Creating a good standard, such as a checklist, while not complex, isn’t as easy as just jotting down some items in a column. It’s a bit more involved. (Which is another reason why checklists aren't used more often: There’s work involved!)

So what makes a good standard? Whether it’s a pilot’s preflight check, a surgeon’s protocol, or a factory worker’s guide to parts assembly, there are two criteria:
Clarity. Assume an untrained eye will read it. Make it bullet-proof, specific, and complete to capture the knowledge. Make it concrete and representative of the real world. Use pictures. Describe with precision the what, where, and how. That way, there’s no question of what constitutes a deviation or problem.
Consensus. Everyone who will employ the standard must agree on it. That forces a shared investigation to ensure that the standard represents the best known method or practice at that specific point in time. The activity in turn facilitates understanding.

There are three basic steps required to deploy a standard:
1. Establish a best practice. Make sure it’s the best-known method. Get input and feedback from those doing the work. Get agreement on it.
2. Make it visible. Accessibility is key. Hiding it in a drawer won’t work. Post it or publish it so everyone will constantly be aware of it.
3. Communicate. Inform everyone. Prepare and train people. Test it out. Monitor effectiveness and usage.

What happens if the standard isn’t followed? Investigate. Find out why. Is there a better method? Was training adequate? Are there special circumstances? Redesign it if you need to. And keep searching for a better way. Like Edison said, “There's a better way. Find it.”

Allergies to standards

The thought of standards makes a lot of people cringe. That’s because they confuse standardization with uniformity. They think standards somehow discourage creativity and individuality. They perceive standards as control mechanisms to prevent individuals from performing the job in the manner they view as best. They see standards as restrictive and rigid, even oppressive.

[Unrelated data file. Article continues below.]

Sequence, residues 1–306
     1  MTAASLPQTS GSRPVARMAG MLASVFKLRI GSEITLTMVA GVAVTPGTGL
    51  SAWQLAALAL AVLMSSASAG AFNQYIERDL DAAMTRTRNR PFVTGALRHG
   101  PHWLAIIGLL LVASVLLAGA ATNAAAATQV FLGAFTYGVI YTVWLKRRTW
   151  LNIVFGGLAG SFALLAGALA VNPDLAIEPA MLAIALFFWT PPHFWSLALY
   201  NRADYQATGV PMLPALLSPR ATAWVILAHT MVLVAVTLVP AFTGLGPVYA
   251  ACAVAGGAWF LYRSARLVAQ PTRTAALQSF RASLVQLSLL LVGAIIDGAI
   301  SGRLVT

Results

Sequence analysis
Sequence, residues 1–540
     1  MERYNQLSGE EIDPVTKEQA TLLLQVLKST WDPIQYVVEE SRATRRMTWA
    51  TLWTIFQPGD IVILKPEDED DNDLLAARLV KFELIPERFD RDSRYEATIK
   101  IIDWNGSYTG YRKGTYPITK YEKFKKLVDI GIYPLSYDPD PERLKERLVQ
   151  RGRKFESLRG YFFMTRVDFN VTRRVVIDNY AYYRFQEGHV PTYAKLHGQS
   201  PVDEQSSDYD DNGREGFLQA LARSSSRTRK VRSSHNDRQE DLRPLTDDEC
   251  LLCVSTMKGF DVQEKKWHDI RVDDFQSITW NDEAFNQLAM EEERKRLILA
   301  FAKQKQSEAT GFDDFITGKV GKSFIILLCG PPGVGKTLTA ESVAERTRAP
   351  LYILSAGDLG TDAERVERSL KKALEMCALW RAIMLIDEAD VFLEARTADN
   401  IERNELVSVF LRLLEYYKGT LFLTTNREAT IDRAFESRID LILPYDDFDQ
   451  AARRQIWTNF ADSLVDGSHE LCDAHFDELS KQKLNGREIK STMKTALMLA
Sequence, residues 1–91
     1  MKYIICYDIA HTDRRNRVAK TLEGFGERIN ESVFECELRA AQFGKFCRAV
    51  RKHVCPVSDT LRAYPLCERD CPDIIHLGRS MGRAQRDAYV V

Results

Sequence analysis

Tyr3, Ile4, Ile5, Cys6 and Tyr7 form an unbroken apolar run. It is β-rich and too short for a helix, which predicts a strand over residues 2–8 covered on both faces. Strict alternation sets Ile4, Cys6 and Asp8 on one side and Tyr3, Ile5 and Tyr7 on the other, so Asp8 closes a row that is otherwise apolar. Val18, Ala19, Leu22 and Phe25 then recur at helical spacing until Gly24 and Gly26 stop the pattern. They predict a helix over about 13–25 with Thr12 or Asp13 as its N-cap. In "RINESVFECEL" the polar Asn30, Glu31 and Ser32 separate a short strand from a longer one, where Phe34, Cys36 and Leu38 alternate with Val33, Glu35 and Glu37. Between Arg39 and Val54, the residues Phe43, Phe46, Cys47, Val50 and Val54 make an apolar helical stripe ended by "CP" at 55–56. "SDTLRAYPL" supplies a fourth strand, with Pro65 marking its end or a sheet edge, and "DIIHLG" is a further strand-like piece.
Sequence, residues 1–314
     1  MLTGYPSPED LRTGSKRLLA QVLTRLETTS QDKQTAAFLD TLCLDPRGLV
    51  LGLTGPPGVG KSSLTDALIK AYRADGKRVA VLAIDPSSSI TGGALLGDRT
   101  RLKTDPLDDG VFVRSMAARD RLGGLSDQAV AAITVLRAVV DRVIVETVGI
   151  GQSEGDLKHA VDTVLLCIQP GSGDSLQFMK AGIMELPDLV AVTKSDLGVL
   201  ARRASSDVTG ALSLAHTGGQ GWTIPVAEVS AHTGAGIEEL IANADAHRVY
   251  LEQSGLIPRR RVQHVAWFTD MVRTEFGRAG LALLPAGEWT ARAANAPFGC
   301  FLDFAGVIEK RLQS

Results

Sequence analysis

The skepticism and cynicism stems from the fact that in many if not most organizations, standards are all those evil things. Most companies use central committees to develop standards. They use the words “standard” and “edict” interchangeably. They issue what is essentially a performance script and call it a standard. The standard is, in effect, permanent.

Developed and used properly, a standard is none of those things. A true standard is exactly opposite, in almost every way.

A true standard is simply an established best-known method or practice followed rigorously until a better way is discovered, tested, and accepted—by those who actually do the work. After all, who knows better? It’s actually a starting point, not the destination. It shows you where to begin the search for solutions.

Done right, a standard lets you know where there’s a problem. It prevents mistakes from being made, and, even worse, made twice. It lets you capture and retain knowledge and expertise. It makes you more productive, accurate, and precise. It eliminates waste in the form of errors and rework.

And above all, it helps you stay safe. It would have saved my life, figuratively speaking, that day I went to market. (A happy wife is a happy life.)

So put your lemons on the list.


About The Author

Matthew E. May’s picture

Matthew E. May

Matthew E. May counsels executives and teams through custom designed facilitation, coaching, and training using four basic ingredients: strategy, ideation, experimentation, and lean. He’s been counseling for 30 years, a third of it as a full-time advisor to Toyota. He is the author of four books, the latest The Laws of Subtraction (McGraw-Hill, 2013), and is working on his fifth book. His work has been appeared in The New York Times, The Wall Street Journal, Harvard Business Review, and many other publications. May holds an MBA from The Wharton School and a bachelor’s degree from Johns Hopkins University.


Excellent article

Great article on the benefits of a checklist. 

I have typically characterized them a little differently.  I typically reference them as the the check points (or road signs) of a journey.  Check lists tell us what is done and what yet needs doing (where we've been and where we are headed).

I use the analogy of trying to find a restuarant you've never been to before with out road signs or business signs. 

Creativity and innovation come with HOW the "checks" are completed and sometimes in getting the right items onto the list to check.